And then it could have been trashed by some intern and that be that. Or maybe I'd get a letter back apologizing and promising it would be looked into. At least this way the people who have read the thread know about my experience.

Raptor5191
August 10, 2006, 02:00 PM
v8fbird,

I assume by what you have posted that this is the range you typically shoot at, right?

Is it practical to go somewhere else?

If so, I would name names in regards to their retardidity and poor job, then just go somewhere else.

There is a range here that my wife and I used to go to that had a few guys that felt it was necessary to constantly try to convince everyone how cool they were. My wife and I at first just got a real chuckle over it...apparently they have never learned the lesson that "you never know what they guy you are bragging to might have actually done".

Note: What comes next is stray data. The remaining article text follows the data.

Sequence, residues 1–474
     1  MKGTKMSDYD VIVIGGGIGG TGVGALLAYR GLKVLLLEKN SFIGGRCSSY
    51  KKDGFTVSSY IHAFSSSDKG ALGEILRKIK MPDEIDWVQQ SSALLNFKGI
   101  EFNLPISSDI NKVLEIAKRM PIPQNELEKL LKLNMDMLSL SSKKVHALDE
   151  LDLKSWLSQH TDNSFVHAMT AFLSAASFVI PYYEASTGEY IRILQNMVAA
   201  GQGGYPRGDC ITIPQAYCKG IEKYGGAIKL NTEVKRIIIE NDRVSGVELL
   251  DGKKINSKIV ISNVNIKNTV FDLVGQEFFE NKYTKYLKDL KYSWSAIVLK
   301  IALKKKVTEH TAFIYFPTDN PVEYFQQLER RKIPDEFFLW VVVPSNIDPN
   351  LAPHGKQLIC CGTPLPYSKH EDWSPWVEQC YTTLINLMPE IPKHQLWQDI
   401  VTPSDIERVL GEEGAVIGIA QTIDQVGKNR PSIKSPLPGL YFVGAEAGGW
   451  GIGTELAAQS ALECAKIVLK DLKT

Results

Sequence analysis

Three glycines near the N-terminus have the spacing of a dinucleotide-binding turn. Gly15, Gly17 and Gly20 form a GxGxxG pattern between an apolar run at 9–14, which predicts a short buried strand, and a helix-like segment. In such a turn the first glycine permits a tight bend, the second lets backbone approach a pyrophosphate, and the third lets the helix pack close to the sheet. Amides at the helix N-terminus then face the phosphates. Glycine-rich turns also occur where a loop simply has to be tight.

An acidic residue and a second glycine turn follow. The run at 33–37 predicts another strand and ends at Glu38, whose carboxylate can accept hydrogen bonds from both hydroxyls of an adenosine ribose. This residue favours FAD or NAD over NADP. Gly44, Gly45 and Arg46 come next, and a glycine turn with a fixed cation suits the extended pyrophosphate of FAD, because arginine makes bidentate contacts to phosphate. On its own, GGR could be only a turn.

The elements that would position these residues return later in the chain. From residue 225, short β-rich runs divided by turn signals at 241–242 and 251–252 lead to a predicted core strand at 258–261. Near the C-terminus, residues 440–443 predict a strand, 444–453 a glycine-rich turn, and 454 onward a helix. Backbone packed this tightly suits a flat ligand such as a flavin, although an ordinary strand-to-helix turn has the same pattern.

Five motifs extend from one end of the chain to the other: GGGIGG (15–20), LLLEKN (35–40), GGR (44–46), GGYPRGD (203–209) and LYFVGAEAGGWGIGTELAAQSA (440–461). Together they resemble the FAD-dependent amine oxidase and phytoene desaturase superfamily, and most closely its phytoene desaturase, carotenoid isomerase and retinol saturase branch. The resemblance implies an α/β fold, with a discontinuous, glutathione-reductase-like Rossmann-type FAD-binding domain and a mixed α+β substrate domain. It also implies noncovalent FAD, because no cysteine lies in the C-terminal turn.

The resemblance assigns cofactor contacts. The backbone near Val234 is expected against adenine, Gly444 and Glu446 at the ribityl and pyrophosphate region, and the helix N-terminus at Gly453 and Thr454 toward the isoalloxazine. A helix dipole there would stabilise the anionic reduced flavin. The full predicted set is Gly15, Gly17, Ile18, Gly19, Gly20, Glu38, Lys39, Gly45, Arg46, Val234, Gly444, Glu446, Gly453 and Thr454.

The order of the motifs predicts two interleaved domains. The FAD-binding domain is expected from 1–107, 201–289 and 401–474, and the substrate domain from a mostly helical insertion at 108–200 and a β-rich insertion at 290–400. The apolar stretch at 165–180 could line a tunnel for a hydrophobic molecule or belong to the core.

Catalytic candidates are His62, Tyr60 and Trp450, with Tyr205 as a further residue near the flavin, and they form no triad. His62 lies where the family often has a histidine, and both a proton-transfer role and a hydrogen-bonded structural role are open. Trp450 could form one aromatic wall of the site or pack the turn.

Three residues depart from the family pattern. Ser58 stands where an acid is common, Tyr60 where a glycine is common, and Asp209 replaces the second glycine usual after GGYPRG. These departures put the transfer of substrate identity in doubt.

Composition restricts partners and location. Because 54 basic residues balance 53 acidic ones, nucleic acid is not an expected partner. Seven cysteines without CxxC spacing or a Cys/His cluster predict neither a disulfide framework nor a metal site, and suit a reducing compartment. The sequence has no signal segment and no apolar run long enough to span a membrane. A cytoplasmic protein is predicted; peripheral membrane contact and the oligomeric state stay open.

However, it just got REALLY old. Changed homes (ranges) and have been very happy with the change.

RandyDTC
August 10, 2006, 02:07 PM
No, I haven't. I may or may not write an anonymous letter. These guys WERE the NRA training department. These guys are some of the NRA's range instructors. These are some of the people that are probably THERE every single time I go to the range. I'd prefer to not have my name remembered and associated with "the guy who had problems with what we taught."


Why in the world would you even consider writing an anonymous letter? If something isn't right, stand up and ask them about it.

You are mistaken - the people who ran this class are NOT the employees of the training department.


Not to mention the fact that I don't have the time to write every letter and make every call that I would like to.


You had time to write it up for posting on the internet the subsequently defend it. Come on now... that's an excuse.

Randy

Heist
August 10, 2006, 02:07 PM
If I'd actually burned a flag, they'd probably defend it as my right.